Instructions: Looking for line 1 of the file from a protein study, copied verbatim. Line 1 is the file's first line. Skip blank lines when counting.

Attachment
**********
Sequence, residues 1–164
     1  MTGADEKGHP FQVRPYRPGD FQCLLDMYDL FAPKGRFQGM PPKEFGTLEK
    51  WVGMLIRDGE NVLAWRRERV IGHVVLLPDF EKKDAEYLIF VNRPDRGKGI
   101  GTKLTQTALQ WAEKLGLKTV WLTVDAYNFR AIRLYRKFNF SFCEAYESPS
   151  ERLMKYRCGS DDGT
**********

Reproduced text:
Sequence, residues 1–164